Sunday, February 2, 2014

Playing in the Snow

When I was 7, I had my first (remembered) solo experience of sled riding down the street where I lived.  I watched others first, navigating the teasing boys at the bottom of the hill who formed a line across the road.  At 7, I did not understand that they would get out of the way of my sled.  Apparently neither did my compatriots, as each flew down the side of the street until just before the parked car, jerking hard left at the last minute to sweep between car and boys and onward.

Confident I understood the process, I jumped on my sled and down I went.  I have never had that level of confidence again.  As I careened towards the car, I froze, head up, as the car and I rapidly drew in to our own date with destiny.  Head smacked bumper.  The rest, including my unease around playing in the snow, is history.

Flash forward.  I am 58.  Younger friends decide we should go tubing.  I cheerfully agree.  It was only later, alone, that I started to get nervous: I’m 58 years old!  What was I thinking?  I can’t do this!  I’ll break my fool neck!  And so it went.

I consulted with son Ben (my go-to person on all things physical), who calmly reassured me how safe tubing is, walking me through what it would be like step by step (everyone should have a son so patient with a fearful mom).

So I layered up and on we went.  The journey was, of course, the adventure.

Just a few miles shy of our destination, our driver Melissa politely pulled to the side of the road to allow faster drivers to pass, as I was internally screaming noooo!  We were in West Virginia now and there aren’t shoulders on the road to speak of in West Virginia, even when it looks like there are (as when deep ditches are covered with snow).  We promptly sank – gently, ever so gently, in to the snow-covered crevasse and there we sat until rescued, which was in pretty short order, as Snow Shoe has employees and equipment for just such an occasion as this (shout out to our rescuers - thanks, guys!).*

On to lunch and then the great tubing adventure.  What a hoot!  There were injuries** (aren’t there always?), but we did all survive the experience with lots of laughter and the simple joy of being outside (it was a warm winter’s day after a long January of sub-zero temperatures where we live, so this was our first time outside in a long time – glorious!)

For a brief moment, I saw the folks learning to ski on the bunny slope beside the tube lanes and thought to myself, I could do that.  Ah, confidence.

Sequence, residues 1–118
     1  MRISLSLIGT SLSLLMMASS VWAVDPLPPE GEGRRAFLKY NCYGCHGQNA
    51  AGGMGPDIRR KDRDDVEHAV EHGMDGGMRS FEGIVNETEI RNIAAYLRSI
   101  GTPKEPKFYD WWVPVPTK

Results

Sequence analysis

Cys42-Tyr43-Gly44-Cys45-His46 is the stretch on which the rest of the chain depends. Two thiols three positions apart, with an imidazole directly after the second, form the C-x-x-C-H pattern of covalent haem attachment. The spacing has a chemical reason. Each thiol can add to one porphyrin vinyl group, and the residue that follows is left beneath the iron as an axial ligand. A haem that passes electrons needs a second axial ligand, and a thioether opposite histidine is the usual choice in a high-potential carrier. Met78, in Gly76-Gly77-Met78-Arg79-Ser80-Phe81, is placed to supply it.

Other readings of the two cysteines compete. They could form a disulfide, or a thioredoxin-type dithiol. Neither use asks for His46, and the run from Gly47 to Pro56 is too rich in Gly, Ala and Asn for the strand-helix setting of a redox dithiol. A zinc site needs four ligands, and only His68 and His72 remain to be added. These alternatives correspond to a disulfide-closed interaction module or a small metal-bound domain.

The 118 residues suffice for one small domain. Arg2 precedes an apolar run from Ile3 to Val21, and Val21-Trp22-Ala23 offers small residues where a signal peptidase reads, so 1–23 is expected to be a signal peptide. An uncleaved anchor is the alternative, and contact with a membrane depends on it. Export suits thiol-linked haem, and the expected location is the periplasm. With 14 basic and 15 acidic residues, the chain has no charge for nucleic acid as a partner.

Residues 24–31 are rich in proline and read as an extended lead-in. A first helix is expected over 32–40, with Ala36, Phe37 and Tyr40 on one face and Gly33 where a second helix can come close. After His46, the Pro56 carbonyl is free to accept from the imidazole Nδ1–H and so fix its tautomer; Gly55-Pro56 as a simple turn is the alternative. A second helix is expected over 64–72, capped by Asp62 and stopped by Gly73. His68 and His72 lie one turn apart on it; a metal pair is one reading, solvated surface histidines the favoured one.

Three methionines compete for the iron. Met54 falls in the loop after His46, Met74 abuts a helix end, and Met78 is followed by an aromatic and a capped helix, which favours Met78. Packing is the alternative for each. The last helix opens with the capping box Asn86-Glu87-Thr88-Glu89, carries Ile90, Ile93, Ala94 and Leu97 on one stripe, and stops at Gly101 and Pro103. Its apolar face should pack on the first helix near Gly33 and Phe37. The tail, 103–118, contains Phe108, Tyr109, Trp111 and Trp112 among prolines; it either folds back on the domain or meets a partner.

It passed as quickly as it came as I hobbled home, but now I know some things I didn’t know when I was 7:

1. The boys will get out of the way.

2. I could do that.

3. Snow and sun are a heady combination.

4. Laughter and play are great medicine.

5. One bad experience need not a lifetime of fear make.

But most of all, I was reminded that God’s tender caring looks like a son talking his mother down . . . like
Erin, Deb, Melissa & me (fashion-forward
in Ben's hat and many layers
strangers stopping to help . . . like car rescue guys competent to the task . . . like friends laughing helplessly as they roll in the snow. . . like expanding possibilities . . . like grace.

*When you get discouraged about the state of our kindness or lack towards each other, I want you to know that virtually every car passing by slowed down to see if they could help.  The one noteworthy exception entertained us mightily as they sped by, bumper stickers hailing their political persuasion and beliefs, leaving us in their wake, confirmed in our mutual preconception that such folk aren’t nearly as kind as they say they are on t.v. and leaving me to have to internally apologize to neighbors from the north (I thought the license plate was from Pennsylvania or New York: turns out it’s a specialty plate from Virginia).


1. I was first – fitting as the eldest, I suppose.  It didn’t occur to me (remember, I actually had to call my child to talk me through this) that the bottom of the tube was resting on the actual ground and that resting my bottom on its bottom meant I was sliding butt first down a snowy pathway that just might have bumps and rocks.  And it did.  Thus am I one very sore puppy today.

2. Erin was next – it was our very last run – and somehow she came to a dead stop at the bottom of the run and was ejected from her tube, hitting her head.  Nothing serious, but boy, did it hurt.

3. Melissa was the last to go down.  Heading out the parking lot, we were almost home free, when she stepped onto a sheet of ice and went down hard, landing flat on her back, the kind of hard, scary fall that makes you worry about broken bones and concussions and such.  Good fortune that nothing was broken and home safely we went.

Deb was the only one of us to escape the day without injury, but all of us are aching today.

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